Lenovo, Novell, VAR Team In Linux Laptop Deal

The San Diego Unified School District has tapped education solution provider Arey Jones and PC maker Lenovo to provide Linux-powered notebooks for students, standardizing on Novell's SUSE Linux Enterprise Desktop 10 operating system in the first phase of a districtwide deployment, according to officials there.

The contract would mark a bigwin for Lenovo and Novell in the Linux space, a segment that has become increasingly competitive among tier-one PC makers. Earlier this month, Dell said it would begin offering notebooks preloaded with Ubuntu Linux. And Hewlett-Packard executives said earlier this year that company has begun deploying thousands of PCs loaded with Linux as custom orders.

"We went with SLED 10 because we wanted a Linux distribution that we could scale and sustain with support as an enterprise solution to potentially tens of thousands of K-12 students," said Dan Wolfson, program manager of educational technology in the CurriculumInstruction unit of the San Diego Unified School District. "Presently, we have a district contract with Lenovo, and the system integrator is Arey Jones. Both Lenovo and Arey Jones are participating in our phase-one pilot project with the Linux laptops."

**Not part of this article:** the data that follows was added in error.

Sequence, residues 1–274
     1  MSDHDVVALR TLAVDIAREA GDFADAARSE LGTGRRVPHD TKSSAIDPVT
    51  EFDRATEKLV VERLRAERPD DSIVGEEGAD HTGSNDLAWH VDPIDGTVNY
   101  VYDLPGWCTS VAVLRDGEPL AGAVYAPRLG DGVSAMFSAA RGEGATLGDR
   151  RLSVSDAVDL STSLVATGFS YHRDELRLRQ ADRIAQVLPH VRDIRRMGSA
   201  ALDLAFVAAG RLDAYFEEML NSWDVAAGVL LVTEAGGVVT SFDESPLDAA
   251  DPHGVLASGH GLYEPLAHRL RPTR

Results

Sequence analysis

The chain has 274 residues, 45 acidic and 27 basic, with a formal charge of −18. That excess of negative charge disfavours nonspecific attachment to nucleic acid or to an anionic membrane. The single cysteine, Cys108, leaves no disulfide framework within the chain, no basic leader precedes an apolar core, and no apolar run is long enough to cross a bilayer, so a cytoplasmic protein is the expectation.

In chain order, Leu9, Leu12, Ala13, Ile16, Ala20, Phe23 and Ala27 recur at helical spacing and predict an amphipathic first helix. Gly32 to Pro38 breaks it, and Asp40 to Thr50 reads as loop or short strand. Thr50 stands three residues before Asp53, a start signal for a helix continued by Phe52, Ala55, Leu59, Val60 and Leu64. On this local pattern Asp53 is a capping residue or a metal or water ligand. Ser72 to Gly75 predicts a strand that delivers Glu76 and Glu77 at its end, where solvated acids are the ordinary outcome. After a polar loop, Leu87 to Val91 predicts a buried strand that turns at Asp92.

The San Diego district maintains an "Always-On Learning Initiative," designed to provide mobile PCs and software to students to help them learn and prepare for the future. The district has 130,000 students and is California's second-largest public school district.

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Executives from Lenovo and San Diego-based Arey Jones couldn't be reached for comment.

Last year, Lenovo began providing support for SLED 10 on some models of ThinkPads. The Raleigh, N.C.-based PC maker also enabled customers to order a notebook from Lenovo, buy a SLED 10 license from Novell and request that the OS be installed on the notebook prior to delivery.

Lenovo, however, has also reiterated a deep partnership with Microsoft at least twice over the past two years and continues to recommend Microsoft software for its PCs.

The K-12 public education segment has been fertile ground for Linux evangelists. Last year, Indiana education officials said they would deploy Linux PCs for up to 22,000 public school students under an initiative in the Hoosier state.